Ignore the haters. Be who you want to be. Do what you want to do.
That’s Ariana Grande’s advice in her new single, “Yes, And?”
This track, the lead single from her forthcoming album Eternal Sunshine, has been out for less than a week and it’s already sitting at No. 1 on YouTube with more than 20 million views. That’s not uncommon for Grande, who has over 53 million subscribers on YouTube and 308 million followers on Instagram.
That’s a lot. And with this song, Grande is reaching all those people with a message that has all the hallmarks of a pop anthem: Do what you want–no matter what it is–and be your most authentic selves regardless of criticism.
Because that’s what’s most important, she says.
There’s a bit of positivity here in that Grande believes it’s best to keep pushing forward, despite negative commentary (“And if you find yourself in a dark situation/Just turn on your light…”).
Grande also doesn’t appreciate people making comments about her body, and she says as much: “Don’t comment on my body, do not reply/Your business is yours and mine is mine”).
The message Grande is putting forth is one steeped in sarcasm. She tells her fans to shoot back an aggressive and profane response anytime they don’t like what they hear: “Yes, and?/Say that s— with your chest, and/Be your own f—in’ best friend”.
This goes for women and men alike, no matter their preferences–particularly their sexual ones. (“Boy, come on, put your lipstick on (no one can tell you nothin’)/Come on and walk this way through the fire [Don’t care what’s on their mind”]).
Grande tells listeners to not care at all about anything negative that anyone has to say, and that’s just not wise advice, especially if that “negative” advice can help one to grow.
Still, Grande stands behind this belief, especially for herself as she says she’s “so done with caring” what others think. She refuses to “hide/Underneath your own projections/Or change my most authentic life”.
Ultimately, she will say what she wants to say (“My tongue is sacred, I speak what I like”), protect herself and her space (“protected, sexy, discerning with my time/Your energy is yours and mine is mine”) and be intimate with whomever she should choose. And, of course, the song is filled with profanities.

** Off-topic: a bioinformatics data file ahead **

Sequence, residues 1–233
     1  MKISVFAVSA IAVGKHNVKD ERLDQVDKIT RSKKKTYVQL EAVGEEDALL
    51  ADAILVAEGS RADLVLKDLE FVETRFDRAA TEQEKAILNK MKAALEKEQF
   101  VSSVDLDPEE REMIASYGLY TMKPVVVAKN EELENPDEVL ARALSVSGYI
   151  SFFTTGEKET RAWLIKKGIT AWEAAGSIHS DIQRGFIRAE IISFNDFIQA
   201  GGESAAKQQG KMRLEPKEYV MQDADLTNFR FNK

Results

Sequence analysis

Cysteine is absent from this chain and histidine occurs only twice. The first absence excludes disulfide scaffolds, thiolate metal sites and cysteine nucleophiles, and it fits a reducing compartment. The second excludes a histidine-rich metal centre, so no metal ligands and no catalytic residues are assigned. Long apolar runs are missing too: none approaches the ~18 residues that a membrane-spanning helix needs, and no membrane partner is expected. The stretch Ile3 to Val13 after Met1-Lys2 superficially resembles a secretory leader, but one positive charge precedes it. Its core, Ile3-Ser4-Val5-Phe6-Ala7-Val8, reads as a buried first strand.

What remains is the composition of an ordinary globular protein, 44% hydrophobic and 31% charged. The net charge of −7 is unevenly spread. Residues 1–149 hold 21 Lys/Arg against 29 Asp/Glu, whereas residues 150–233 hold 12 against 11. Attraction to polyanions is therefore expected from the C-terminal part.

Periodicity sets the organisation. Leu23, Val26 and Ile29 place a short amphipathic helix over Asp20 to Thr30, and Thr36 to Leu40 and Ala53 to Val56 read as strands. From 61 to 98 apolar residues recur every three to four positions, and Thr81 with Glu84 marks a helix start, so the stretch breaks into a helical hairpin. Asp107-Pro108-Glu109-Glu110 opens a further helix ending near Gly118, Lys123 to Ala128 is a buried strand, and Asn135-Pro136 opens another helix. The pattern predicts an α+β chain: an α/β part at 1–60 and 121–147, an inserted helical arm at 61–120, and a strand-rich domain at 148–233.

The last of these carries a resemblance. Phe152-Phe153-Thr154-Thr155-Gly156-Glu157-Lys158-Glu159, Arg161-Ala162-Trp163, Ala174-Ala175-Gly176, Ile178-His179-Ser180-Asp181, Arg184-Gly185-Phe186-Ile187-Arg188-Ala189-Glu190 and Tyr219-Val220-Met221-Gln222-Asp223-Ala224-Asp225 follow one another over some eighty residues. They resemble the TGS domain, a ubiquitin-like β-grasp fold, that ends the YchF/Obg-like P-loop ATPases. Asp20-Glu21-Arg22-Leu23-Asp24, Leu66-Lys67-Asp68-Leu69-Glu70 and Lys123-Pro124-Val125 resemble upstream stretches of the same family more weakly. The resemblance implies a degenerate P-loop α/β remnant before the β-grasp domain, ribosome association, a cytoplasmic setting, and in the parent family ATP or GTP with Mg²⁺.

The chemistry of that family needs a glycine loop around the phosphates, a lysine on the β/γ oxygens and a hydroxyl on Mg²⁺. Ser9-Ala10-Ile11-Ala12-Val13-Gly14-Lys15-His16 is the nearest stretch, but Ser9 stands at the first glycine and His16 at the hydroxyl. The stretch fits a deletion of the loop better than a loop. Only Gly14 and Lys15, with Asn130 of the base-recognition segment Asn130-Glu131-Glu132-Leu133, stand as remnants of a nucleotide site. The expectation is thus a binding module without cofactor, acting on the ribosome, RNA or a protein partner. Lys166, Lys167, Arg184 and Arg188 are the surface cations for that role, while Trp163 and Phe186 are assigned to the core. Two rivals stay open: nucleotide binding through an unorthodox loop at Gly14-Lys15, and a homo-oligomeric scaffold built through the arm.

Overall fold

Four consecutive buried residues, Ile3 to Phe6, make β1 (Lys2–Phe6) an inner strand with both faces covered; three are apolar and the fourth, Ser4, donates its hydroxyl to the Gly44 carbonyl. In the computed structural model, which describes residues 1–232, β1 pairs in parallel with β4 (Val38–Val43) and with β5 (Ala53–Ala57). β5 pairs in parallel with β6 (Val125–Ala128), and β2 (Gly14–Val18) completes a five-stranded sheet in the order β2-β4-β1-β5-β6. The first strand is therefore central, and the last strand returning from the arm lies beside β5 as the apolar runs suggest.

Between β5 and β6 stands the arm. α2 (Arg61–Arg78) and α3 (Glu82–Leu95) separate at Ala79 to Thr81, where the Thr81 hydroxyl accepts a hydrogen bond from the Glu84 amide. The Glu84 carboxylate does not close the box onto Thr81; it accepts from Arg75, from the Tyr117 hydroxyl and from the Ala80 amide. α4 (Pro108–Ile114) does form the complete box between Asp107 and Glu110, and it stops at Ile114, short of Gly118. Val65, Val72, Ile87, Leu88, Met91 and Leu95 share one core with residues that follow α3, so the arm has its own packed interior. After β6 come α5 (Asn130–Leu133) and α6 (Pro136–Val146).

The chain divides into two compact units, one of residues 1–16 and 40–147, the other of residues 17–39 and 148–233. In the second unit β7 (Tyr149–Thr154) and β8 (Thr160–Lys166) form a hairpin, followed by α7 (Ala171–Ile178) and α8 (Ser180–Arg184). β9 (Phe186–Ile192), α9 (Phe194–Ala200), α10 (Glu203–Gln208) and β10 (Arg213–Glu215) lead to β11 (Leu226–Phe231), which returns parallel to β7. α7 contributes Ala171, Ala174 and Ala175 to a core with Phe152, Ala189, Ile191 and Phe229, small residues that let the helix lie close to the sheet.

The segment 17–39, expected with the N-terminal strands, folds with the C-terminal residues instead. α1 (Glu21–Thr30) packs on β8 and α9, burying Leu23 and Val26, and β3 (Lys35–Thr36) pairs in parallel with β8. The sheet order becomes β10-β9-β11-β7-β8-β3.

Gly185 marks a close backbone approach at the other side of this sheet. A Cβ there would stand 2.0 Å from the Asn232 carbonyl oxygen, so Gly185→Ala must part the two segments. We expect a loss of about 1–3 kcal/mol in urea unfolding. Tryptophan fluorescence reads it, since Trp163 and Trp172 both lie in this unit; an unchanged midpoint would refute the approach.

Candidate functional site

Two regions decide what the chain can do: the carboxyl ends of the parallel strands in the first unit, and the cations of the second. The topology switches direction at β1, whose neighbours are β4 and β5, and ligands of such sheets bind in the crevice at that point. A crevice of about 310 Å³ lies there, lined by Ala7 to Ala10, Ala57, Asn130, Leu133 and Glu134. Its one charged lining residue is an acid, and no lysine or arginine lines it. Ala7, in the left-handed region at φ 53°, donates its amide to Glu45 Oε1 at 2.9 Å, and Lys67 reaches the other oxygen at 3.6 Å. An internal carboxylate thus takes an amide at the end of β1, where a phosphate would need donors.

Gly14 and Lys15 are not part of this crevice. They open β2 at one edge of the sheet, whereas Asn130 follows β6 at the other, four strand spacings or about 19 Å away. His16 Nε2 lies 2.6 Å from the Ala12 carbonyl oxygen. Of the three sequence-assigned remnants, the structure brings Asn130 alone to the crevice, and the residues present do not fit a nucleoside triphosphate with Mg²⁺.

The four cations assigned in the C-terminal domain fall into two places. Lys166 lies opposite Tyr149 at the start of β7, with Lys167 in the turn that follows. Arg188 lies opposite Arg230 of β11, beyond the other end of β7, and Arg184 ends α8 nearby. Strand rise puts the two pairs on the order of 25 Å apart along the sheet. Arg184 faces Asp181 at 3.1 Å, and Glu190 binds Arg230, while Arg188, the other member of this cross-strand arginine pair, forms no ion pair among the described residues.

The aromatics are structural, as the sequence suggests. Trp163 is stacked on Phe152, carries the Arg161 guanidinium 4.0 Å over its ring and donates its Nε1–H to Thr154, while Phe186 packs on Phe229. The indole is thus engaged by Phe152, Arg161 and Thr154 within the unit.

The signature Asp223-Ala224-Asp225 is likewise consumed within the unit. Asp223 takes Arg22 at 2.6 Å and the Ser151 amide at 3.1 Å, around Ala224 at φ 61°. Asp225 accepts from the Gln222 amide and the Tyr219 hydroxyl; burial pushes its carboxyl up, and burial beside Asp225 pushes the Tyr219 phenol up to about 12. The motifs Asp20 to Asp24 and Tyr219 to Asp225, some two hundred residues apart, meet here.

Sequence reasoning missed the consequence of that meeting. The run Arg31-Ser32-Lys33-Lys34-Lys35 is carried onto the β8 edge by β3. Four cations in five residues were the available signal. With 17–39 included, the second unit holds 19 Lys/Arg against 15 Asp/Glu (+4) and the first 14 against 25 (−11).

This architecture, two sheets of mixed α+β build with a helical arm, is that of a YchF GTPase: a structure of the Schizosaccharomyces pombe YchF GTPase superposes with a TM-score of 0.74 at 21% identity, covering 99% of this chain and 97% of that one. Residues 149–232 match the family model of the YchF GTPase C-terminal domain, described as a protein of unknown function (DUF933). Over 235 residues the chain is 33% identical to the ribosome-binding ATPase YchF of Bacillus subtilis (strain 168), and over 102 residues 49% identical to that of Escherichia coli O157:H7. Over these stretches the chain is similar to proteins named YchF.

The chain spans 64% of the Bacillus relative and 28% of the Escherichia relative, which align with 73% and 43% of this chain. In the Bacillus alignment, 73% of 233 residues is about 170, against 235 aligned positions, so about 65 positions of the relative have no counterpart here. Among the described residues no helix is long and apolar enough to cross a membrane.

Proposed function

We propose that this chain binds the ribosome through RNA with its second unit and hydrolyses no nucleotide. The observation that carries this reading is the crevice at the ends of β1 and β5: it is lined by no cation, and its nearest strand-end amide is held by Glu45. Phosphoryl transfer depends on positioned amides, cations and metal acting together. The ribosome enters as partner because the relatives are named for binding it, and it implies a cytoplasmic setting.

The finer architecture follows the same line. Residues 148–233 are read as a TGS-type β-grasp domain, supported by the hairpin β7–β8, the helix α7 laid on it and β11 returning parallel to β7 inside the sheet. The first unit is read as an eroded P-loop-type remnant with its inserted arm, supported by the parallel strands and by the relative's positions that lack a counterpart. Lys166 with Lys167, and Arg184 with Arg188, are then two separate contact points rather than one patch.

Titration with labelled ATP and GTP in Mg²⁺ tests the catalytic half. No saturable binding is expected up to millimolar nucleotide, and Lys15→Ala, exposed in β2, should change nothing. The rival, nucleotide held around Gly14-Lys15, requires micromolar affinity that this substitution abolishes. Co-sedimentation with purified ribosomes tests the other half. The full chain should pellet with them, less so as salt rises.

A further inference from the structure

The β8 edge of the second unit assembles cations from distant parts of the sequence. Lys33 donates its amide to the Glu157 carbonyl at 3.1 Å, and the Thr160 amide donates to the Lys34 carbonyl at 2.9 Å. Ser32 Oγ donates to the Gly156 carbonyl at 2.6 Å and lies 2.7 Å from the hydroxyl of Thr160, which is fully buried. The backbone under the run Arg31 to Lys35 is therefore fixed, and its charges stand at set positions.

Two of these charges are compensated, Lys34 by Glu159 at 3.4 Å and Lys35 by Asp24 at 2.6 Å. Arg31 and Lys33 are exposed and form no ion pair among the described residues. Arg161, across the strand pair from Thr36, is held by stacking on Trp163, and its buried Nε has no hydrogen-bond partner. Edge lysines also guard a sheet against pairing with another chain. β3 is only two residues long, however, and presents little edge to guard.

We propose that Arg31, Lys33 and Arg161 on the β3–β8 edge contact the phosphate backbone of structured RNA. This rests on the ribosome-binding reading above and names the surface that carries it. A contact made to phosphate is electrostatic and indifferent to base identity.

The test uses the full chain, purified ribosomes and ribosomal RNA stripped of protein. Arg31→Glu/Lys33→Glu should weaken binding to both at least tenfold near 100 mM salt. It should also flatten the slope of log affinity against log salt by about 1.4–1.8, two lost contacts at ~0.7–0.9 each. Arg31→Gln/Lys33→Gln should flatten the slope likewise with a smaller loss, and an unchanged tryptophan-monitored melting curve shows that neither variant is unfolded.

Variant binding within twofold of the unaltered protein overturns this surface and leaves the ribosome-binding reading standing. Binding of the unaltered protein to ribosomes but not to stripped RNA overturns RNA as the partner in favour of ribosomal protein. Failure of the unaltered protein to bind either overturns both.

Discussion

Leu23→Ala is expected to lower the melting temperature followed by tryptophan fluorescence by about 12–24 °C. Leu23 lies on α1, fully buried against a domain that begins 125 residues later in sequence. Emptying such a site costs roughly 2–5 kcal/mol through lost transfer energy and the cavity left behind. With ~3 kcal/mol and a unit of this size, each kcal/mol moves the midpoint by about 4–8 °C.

In the video for this track, male backup dancers dress in an effeminate fashion and women wear revealing clothes, including crop tops, body suits and short skirts. One man says, “oh my god.”
It’s impossible to ignore the fact that this song has been released following Ariana’s recent relationship with her Wicked costar Ethan Slater, a relationship that has fans calling Grande a “homewrecker” as Slater is now divorced.
I can’t say whether or not this song is about Grande casting off comments she doesn’t want to hear despite her life choices.
But I can say that a song, albeit catchy, that profanely promotes all forms of self-expression (especially for men, as highlighted in the song) and “you doing you” no matter what, isn’t great advice. And it certainly isn’t Biblical.
Is it good to ignore useless, hateful speech? Absolutely? Is it good to mind your own business? Again, yes.
But casting off all commentary just because you don’t want to hear what others have to say? That’s teaching an entire generation, which follows Grande, that their opinion and their desires are the most important. Above all else.
And that sounds like hedonism to me.
Kristin Smith joined the Plugged In team in 2017. Formerly a Spanish and English teacher, Kristin loves reading literature and eating authentic Mexican tacos. She and her husband, Eddy, love raising their children Judah and Selah. Kristin also has a deep affection for coffee, music, her dog (Cali) and cat (Aslan).